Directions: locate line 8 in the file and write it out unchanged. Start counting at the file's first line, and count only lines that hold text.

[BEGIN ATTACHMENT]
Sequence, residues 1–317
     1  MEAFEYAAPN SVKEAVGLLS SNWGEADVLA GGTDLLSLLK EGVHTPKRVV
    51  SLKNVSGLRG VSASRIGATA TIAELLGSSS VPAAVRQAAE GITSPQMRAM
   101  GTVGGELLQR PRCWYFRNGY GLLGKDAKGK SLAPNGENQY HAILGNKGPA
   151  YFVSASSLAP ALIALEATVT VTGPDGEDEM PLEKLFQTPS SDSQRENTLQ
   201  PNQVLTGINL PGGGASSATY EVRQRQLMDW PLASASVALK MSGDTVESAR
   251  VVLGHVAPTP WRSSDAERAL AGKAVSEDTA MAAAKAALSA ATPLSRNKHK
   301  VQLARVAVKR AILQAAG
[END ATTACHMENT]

   301  VQLARVAVKR AILQAAG